article

You Play How You Practice: A Word for Future Missionaries

Share On Facebook
Share On Twitter
Contact us

My junior year in High School we lost the championship basketball game to our archrivals. It was a brutal letdown for a 16-year-old with NBA aspirations. But we also lost our coach, which in hindsight turned out to be fortuitous. The new coach that came in was a retired Army Special Forces operator and his manner of conducting practice was new to me and to the other twelve guys who made the team.  

Gone were the days of ten-minute layup drills, zone defense, and “atta boys.” We sprinted till we threw up, we had three versions of the press, and we ran one of them all the time, but most of all we practiced every second as if it were the last second of the championship game. We didn’t lose a game that year and blew out the same team in the finals by thirty-seven points. I attribute the victories of that whole season to the practice sessions that Coach Dunn put us through.  

For the modern missionary who is attempting to get to the last language groups on the face of the earth (roughly 3,200 left with no gospel, no disciples, and no church), training is of paramount importance. Without adequate training, how do you get a sense of what the battle will be like and how do you know what to do when the “bullets” start flying? The army knows this, and the Apostle Paul knew this as well.  

In 2 Corinthians 9:25, Paul makes the point that every athlete (the obvious assumption is that he’s talking about the serious ones, the ones who want to win) goes into strict training. Then Paul applies it to himself when he says that he beats his body and makes it his “slave” (NIV). Why? So that he would not be “disqualified for the prize.” He’s not talking about salvation: he’s talking about what it takes to live a life that will glorify the King, all the way to the end.   

Paul knew that good intentions were not enough. A “willing heart” was not enough. The most tender-hearted, best theologically trained individual was not enough. Strict training (mind and body) were in order for the serious follower of Christ who wanted his life to count. Training mattered.  

There is a fallacy that exists today that “millennials” will not pay the price to see the gospel go to the last places. They will only last till they get bored or things get too difficult. I would say that charge is accurate, but it’s accurate only as far as they’ve been exposed to one method (manner of training) of conducting ministry. If two to four years overseas is the bar, they will rise to that bar. If a minimal understanding of a language and culture and “trusting the Holy Spirit to work” is the bar, they will rise to that bar. But if the expectation is to get truly worldview fluent (not market fluent) no matter the time frame, to bear the death of a spouse or child and continue, to see an indigenous New Testament church planted though it may take you fifteen to thirty years, they can and will rise to the level of previous generations . . . if they have been trained with those expectations.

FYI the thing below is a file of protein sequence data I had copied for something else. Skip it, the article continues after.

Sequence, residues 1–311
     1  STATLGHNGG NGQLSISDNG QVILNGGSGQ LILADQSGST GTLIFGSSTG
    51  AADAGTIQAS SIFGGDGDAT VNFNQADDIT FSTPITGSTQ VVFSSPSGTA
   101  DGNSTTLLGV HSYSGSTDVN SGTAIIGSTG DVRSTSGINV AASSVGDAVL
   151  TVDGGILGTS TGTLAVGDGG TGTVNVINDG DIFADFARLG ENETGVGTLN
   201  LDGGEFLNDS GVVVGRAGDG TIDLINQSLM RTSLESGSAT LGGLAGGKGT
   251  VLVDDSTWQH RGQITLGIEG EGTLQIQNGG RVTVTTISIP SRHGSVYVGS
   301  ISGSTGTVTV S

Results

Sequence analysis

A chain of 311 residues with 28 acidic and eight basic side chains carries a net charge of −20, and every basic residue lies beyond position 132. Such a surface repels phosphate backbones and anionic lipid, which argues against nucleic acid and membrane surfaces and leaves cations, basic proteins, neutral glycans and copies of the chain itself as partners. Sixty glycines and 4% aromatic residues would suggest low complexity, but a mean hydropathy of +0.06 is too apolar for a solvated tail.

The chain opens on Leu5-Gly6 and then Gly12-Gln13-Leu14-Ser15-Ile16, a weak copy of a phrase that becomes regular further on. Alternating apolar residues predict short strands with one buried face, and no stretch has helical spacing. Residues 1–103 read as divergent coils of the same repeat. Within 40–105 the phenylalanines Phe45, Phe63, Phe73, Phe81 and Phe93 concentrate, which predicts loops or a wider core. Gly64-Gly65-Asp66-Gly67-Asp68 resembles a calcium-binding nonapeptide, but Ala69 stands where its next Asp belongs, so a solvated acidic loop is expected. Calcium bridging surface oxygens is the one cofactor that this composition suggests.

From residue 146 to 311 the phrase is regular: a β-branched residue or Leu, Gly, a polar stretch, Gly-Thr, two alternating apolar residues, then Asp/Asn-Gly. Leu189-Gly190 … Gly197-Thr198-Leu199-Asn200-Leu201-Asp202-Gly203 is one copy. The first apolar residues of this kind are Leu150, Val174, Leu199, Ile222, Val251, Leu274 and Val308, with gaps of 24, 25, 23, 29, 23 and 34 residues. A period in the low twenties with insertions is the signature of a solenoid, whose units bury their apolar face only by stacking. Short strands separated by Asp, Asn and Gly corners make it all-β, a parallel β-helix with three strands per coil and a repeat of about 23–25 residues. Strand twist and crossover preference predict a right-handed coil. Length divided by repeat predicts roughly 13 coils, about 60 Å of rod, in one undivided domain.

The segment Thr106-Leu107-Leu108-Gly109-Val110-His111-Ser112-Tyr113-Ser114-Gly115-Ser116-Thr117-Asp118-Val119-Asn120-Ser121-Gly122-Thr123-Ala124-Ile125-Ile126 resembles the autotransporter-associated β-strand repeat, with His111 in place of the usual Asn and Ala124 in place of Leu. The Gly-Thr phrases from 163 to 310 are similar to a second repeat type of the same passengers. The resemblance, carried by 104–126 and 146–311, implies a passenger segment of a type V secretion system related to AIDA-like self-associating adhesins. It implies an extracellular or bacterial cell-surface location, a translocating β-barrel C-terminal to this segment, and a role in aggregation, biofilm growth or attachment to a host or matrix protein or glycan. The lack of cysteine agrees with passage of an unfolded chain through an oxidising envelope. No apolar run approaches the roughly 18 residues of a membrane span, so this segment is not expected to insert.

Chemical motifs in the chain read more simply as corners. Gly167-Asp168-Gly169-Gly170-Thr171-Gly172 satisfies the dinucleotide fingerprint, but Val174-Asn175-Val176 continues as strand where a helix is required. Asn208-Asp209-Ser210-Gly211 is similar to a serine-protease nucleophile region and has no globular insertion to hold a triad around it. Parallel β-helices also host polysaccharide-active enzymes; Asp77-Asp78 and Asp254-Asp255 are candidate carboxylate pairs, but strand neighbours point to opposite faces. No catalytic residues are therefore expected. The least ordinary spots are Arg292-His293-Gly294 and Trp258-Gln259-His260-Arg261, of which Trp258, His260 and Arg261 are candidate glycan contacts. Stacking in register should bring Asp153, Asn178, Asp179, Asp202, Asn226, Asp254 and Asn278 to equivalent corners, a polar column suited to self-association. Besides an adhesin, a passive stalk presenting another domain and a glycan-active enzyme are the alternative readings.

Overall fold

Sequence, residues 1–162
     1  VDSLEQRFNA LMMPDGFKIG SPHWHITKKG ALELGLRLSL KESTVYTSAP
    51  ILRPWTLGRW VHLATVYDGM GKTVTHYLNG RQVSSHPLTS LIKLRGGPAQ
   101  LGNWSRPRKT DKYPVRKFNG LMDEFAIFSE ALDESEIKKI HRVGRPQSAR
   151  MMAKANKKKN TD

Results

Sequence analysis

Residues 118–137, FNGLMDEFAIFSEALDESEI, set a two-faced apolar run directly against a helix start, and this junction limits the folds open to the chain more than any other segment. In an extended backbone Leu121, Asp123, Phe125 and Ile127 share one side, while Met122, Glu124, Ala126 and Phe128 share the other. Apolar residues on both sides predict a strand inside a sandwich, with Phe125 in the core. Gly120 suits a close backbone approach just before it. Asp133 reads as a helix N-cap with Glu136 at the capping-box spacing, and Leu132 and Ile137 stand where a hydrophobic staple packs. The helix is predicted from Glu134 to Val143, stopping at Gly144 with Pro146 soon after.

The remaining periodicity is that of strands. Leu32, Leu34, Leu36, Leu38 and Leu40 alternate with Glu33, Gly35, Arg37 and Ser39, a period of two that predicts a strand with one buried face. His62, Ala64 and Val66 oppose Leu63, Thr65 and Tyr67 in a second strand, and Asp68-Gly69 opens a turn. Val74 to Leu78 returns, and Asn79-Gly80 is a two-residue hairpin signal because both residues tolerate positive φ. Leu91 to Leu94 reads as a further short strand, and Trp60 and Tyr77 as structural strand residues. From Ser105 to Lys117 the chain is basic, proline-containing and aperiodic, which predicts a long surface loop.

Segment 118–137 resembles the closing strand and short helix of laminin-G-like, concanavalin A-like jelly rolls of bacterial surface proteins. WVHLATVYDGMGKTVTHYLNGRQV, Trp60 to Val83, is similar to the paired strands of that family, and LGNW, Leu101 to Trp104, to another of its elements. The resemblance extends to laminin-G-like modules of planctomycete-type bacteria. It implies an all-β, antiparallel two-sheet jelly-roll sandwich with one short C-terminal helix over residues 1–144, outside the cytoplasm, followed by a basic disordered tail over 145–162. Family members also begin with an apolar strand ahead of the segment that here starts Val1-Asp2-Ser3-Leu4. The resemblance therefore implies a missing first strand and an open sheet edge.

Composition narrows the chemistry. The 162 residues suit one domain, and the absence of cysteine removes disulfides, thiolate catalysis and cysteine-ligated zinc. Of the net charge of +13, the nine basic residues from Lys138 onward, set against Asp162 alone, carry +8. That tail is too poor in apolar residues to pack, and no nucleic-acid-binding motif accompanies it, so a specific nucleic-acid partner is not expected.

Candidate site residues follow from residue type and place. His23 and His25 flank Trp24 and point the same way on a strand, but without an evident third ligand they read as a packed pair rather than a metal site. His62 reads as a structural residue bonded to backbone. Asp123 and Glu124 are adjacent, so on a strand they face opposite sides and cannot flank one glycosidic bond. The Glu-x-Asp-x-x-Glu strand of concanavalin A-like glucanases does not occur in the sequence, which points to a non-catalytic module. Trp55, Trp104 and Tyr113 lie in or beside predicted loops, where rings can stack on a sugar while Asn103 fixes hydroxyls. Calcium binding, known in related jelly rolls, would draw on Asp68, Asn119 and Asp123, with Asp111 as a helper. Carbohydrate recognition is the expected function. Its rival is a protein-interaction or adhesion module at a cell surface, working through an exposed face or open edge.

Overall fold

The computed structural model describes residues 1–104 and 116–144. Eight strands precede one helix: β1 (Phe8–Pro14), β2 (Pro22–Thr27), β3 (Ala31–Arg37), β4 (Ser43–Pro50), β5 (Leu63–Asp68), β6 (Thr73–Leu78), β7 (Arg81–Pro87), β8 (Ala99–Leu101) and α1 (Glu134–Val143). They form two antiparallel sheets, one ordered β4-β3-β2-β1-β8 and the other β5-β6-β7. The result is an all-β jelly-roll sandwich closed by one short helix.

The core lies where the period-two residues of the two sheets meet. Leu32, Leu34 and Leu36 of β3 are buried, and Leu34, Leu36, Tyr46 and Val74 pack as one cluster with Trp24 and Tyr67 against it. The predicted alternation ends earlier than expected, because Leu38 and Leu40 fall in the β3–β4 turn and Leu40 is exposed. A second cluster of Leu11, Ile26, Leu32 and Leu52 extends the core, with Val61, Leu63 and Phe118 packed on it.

How a missionary is trained and how his or her expectations for the life ahead are calibrated is of vital importance. There can be no better place for young people to look for inspiration and the marks a of true gospel ambassador than to those who have gone ahead of us in previous generations. Hudson Taylor, Adoniram Judson, John G. Paton, William Burns, Lottie Moon, Betty Green, and a host of others who gave up careers, fortunes, and families to serve the King of kings with the best of their years do not fail to inspire. I am constantly amazed how the lives of these saints bring our twenty-somethings to tears as it dawns on them the sacrifice that the previous generations joyfully carried to see His name made great among the “nations.”  I thank the Lord that Nate Saint, the Apostle Paul, and Gladys Aylward still speak to us today. 

Training matters. If we are to see the last of the “nations” reached, it will not be without tears, bloodshed, and sacrifice. That much is clear from Scripture and plain reasoning. But those in their forties, fifties, and older will not be able to accomplish this task; it is the next generation that will carry the message of the cross to far away lands, learn languages, build relationships, and see the gospel of God’s glory brought to a new people. If they are to make it, they must be made aware of the frightening cost; more importantly, they must be made aware of the glory that comes with serving the King with the days of their youth. This won’t happen in six to ten weeks of lectures. It will only come about by practice in an environment that cultivates the sacrifice that will be asked of them in the people group that God takes them too. 

– To learn more about Radius and their training for the sake of God’s glory among the unreached, go here.

 

Brooks and his wife, Nina, planted a church among the Yembiyembi people in Papua New Guinea. In 2016, they returned to San Diego. Brooks now serves as president of Radius International. Both Brooks and Nina participate in the teaching at RADIUS as well as leading and traveling to spread the word about the necessity of pre-field training.
Share On Facebook
Share On Twitter
Contact us